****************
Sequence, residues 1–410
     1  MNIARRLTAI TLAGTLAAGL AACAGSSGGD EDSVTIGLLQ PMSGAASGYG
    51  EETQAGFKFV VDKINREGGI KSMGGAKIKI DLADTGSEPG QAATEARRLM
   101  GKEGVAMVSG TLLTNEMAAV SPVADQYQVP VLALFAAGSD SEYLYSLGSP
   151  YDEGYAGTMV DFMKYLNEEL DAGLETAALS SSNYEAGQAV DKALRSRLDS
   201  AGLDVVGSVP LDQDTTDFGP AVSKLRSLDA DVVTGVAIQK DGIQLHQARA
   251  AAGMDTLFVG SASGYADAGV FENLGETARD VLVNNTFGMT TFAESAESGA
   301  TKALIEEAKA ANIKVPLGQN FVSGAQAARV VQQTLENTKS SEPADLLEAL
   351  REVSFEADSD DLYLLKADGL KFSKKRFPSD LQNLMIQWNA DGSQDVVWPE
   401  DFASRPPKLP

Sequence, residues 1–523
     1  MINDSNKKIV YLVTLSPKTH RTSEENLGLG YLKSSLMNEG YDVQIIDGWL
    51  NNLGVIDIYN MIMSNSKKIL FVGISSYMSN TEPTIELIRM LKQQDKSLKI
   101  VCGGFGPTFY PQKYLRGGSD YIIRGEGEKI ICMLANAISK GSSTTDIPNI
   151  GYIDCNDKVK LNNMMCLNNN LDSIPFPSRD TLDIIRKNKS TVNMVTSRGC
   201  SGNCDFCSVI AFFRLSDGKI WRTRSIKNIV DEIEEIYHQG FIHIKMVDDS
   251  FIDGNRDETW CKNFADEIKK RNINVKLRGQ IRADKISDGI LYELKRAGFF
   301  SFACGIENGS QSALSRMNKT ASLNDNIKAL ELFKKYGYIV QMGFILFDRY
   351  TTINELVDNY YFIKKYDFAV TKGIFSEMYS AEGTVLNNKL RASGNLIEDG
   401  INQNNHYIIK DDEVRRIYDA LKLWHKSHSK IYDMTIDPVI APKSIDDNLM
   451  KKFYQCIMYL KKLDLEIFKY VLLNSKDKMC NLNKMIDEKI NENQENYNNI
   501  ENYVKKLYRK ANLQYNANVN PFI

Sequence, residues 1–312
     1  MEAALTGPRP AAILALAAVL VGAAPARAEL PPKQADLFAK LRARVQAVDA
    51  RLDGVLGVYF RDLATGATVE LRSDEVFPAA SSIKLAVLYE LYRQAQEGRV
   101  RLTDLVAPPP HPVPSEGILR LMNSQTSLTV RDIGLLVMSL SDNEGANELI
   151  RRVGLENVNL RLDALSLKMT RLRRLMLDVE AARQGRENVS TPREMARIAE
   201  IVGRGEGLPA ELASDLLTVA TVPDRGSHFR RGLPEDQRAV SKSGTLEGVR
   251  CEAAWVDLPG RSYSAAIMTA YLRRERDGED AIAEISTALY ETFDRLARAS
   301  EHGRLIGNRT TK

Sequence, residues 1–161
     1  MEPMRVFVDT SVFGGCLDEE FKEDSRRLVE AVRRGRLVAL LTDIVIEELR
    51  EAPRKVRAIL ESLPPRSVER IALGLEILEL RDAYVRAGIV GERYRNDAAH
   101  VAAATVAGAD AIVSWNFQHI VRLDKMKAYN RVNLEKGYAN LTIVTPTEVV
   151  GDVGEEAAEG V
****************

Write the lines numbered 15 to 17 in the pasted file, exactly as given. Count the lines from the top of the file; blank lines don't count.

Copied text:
   151  GYIDCNDKVK LNNMMCLNNN LDSIPFPSRD TLDIIRKNKS TVNMVTSRGC
   201  SGNCDFCSVI AFFRLSDGKI WRTRSIKNIV DEIEEIYHQG FIHIKMVDDS
   251  FIDGNRDETW CKNFADEIKK RNINVKLRGQ IRADKISDGI LYELKRAGFF